Chris Somers and Tom Fenton on behalf of all at Palatinate:Yesterday, extremists tragically trained their weapons directly on the fundamental right of free speech. It’s vital that defenders of this right exercise it now to condemn this brutal attack on liberty.”

Helena Horton, York Vision: “Writing and drawing cartoons should not be a capital offense and you should never have to pay for what you write with your life. We should be inspired to carry on the work of the deceased satirists and challenge the status quo in our writing.”


Talia Zybutz and Tom Freeman on behalf of Varisty Cambridge: “Events such as this aim to silence not only those directly affected but those engaged in similar endeavours throughout the world. It is important that we stand up in solidarity for the right to voice opinions and comment without fear of retribution.”

Alice Hudson, Deputy Editor of The Verse: “We may not agree with what you draw every time, but we will defend your right to draw it, all the time.”

Charlotte Capitanchik, Editor of The Student: “The freedom of the press, and the ability to criticise, question and satirise, is one of the fundamental tenets that distinguishes a democracy from dictatorship or authoritarian regime.”

Lucy Uprichard, Editor of Ellipsis: “The ability to choose what will and will not be published should always be a matter of personal discretion and social responsibility and not limited by fear or suppression.”


Jack Rivlin
George Marangas-Gilks
Rachel Donald
Matt McDonald
Grace Vielma
Craig O’Callaghan
Harry Shukman
Tom Jenkin
Rachel Donald
Cat Reid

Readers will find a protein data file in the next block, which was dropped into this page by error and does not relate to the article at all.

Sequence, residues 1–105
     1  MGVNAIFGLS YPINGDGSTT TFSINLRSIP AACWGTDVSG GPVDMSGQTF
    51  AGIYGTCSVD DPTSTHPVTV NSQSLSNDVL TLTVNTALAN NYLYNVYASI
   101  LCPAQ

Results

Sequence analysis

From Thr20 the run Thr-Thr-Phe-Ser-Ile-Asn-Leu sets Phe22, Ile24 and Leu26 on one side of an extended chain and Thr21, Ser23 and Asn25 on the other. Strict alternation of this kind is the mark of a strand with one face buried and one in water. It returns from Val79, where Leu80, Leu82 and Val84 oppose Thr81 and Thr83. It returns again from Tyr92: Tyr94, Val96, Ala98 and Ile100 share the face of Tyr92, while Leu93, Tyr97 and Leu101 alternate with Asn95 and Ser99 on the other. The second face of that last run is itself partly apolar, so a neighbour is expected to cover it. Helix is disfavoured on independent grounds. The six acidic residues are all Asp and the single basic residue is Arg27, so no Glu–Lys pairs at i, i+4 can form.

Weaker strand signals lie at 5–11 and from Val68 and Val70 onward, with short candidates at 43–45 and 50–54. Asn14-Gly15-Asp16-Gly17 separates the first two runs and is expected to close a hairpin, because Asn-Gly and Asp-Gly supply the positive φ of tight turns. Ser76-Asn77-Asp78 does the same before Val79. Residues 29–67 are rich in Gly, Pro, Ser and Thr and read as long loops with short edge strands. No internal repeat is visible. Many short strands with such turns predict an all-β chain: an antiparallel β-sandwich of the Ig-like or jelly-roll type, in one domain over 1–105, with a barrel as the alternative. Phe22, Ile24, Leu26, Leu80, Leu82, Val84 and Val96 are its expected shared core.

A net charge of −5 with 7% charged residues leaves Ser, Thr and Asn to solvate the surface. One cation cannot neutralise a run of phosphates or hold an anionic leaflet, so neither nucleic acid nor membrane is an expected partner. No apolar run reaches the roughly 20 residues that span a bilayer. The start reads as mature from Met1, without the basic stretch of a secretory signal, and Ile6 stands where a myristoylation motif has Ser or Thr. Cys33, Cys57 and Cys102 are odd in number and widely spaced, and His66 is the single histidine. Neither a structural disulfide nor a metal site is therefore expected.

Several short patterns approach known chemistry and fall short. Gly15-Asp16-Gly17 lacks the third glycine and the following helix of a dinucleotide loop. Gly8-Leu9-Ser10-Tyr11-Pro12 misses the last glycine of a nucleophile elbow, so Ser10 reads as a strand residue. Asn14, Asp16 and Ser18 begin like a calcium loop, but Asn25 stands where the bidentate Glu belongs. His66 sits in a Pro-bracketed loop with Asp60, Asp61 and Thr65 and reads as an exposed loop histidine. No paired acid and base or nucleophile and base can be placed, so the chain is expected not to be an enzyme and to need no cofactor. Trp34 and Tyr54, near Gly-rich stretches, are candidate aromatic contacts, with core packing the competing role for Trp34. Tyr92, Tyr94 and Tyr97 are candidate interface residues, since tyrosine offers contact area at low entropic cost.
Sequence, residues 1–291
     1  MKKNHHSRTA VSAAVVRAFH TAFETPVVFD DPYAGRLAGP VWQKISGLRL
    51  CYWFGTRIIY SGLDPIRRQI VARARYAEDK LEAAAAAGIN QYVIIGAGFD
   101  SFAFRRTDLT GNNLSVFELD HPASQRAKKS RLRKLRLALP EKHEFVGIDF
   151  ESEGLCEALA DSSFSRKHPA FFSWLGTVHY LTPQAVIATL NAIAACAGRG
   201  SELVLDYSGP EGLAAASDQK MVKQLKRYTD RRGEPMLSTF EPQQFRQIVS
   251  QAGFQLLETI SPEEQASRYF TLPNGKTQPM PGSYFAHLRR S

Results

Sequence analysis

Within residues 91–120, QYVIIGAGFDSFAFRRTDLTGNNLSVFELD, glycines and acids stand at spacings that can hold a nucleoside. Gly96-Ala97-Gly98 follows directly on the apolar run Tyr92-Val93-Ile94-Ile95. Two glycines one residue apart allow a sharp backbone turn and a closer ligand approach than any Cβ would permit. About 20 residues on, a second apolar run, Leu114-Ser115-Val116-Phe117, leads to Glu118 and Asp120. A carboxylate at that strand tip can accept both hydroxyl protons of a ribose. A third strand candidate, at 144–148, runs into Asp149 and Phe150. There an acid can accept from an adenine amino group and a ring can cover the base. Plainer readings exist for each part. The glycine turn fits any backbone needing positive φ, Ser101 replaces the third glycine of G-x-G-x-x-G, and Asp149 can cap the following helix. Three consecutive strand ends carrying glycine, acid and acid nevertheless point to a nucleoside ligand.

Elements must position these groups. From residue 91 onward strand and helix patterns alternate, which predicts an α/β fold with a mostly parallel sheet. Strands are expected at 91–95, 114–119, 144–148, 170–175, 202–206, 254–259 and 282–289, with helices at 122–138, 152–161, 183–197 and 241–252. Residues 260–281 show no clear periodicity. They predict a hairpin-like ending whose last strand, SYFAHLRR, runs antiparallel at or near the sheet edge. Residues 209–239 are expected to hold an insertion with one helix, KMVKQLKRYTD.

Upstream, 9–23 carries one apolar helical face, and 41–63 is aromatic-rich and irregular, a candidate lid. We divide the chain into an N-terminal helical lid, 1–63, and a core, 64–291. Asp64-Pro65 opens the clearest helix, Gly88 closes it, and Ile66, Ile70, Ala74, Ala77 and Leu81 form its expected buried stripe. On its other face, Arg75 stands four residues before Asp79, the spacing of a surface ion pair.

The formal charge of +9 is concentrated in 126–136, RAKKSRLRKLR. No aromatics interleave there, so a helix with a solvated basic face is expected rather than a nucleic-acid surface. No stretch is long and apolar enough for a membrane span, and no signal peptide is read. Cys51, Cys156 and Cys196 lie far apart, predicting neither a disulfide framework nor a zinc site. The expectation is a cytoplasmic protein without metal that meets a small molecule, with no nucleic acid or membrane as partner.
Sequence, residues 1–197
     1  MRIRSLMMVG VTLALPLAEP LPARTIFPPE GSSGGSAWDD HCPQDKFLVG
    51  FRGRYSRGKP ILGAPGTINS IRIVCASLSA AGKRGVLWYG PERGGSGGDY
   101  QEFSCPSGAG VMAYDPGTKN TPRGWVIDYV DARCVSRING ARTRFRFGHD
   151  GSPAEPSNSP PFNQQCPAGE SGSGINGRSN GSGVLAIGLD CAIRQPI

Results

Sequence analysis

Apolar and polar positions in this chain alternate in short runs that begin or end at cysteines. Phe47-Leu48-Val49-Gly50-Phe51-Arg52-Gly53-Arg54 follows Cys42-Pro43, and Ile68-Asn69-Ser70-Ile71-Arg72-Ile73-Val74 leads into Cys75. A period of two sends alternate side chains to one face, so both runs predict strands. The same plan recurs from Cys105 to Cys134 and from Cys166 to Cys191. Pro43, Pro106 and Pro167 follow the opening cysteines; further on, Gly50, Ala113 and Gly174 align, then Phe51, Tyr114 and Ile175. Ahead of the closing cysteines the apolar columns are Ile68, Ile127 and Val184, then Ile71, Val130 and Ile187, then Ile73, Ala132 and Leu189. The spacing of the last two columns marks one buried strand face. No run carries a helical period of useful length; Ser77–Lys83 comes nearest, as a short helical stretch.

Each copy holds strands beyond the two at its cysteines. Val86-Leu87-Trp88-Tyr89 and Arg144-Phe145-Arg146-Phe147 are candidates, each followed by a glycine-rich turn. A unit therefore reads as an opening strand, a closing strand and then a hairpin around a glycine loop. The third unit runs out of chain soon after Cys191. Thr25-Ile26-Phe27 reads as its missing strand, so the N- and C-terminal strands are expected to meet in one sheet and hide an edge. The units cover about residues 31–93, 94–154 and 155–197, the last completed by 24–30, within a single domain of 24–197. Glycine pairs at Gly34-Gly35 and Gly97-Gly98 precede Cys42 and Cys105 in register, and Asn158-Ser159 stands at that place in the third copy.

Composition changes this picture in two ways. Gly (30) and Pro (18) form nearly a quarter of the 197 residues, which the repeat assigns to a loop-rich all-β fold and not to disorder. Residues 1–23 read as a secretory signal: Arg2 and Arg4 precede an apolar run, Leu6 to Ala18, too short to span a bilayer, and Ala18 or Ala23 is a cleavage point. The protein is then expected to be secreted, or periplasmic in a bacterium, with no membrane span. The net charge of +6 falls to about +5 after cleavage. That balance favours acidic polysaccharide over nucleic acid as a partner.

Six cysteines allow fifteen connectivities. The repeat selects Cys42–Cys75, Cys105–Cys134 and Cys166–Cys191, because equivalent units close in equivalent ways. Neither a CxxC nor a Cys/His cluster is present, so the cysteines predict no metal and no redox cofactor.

Roisin Lanigan
Charlie Gardiner-Hill
Brad Vanstone
James Robert MacIvor
Robin Brinkworth
Joshua Zitser
Lucy Morris
Brett Borthwick
Kirsty Savage
Amy Perkins
Victoria Botella
Richard Duggan
Ghandi Saraswat
James Hawkes
Bobby Palmer
Jasmin Gray
Jennie Gale
Laura Fitzpatrick
Josh Kaplan
Grainne McKinney
Corrie Gold
Charlie Bell
Gabriella Rhodes
Ollie Burrows
Shakeel Hashim
Megan Dye
Alex Davis
Insaf Abbas
Grace Marr
Ashley Eaton
Jess Howard
Dom Hall
Harry Yorke
Hannah Robinson
Hannah Ballantyne
David Cowlishaw
Cloe Fernandez Barnes
Tamsin Rebecca Eddey
Justin Guthrie
Cristina Criddle
Ollie Parsons
James Bruce
Matthew Baron
Adam Payne
Hannah Maloney
Aime Jaffrey
Bella Eckhart
Elliott Johnson
Hannah Rought
Ed Campbell
Mike Silva
Abby Meadows
Kirsty Boyle
Sara Kamouni
Daisy Bernard
George Allen
Amy Fancourt
Gus Carnegie-Brown
Rochelle Spice
Archie Winnington-Ingram
Holly Armour
George Hones
Olivia Battle-Welch
Bobbie Edsor
James Bedswell
Georgie Hewitt
Jarrad Redkwa
Tasha Campbell
Indigo Ellis
Lewis Barber
Ellie Shaw
Matthew Moore
Ella Cohen
Sara Kamouni
Luke Terry
Steph Brew
Charlotte Haynes
Steph Brews
Edmund Bannister
Liam Evans
Elizabeth Foster
Sarah Evelyn George
Cate Spre
Cydney Yeates
Victoria Finan
Alex Kellas
Lydie Robinson
Gianna Tommasi
Maya Modi
Katriana Bella
Charles Ward
Charlie Bayliss
Kit Ball
Edie Lily Hancock
May Bullman
Justin Guthrie
Hannah Knowles
Elissa Blankley
Kat Sadler
Caroline Dodds
Grace Thompson
Charlie Lasswell
Lucy Dyer
Francesca Ebel
Michael Hindmarsh
Will Lloyd
Helena Horton, York Vision
Aidan Gregory, Editor-in-Chief, The Mancunian
Charlie Spargo, Deputy Editor-in-Chief, The Mancunian
Jack May, Editor-in-Chief, The Cambridge Student
Sam Rhodes, Associate Editor, The Cambridge Student
Colm Murphy, Associate Editor, The Cambridge Student
Freya Sanders, Associate Editor, The Cambridge Student
Chris Somers and Tom Fenton on behalf of all at Palatinate
Talia Zybutz and Tom Freeman on behalf of Varsity Cambridge
Olivia Weatherill – Editor,The Verse
Alice Hudson – Deputy Editor, The Verse
Harry Barnes – Head of Technical/Contributor, The Verse
Nina Toubale – Administrator/Contributor, The Verse
Charlotte Capitanchik, Editor, The Student
Lucy Uprichard, Editor of Ellipsis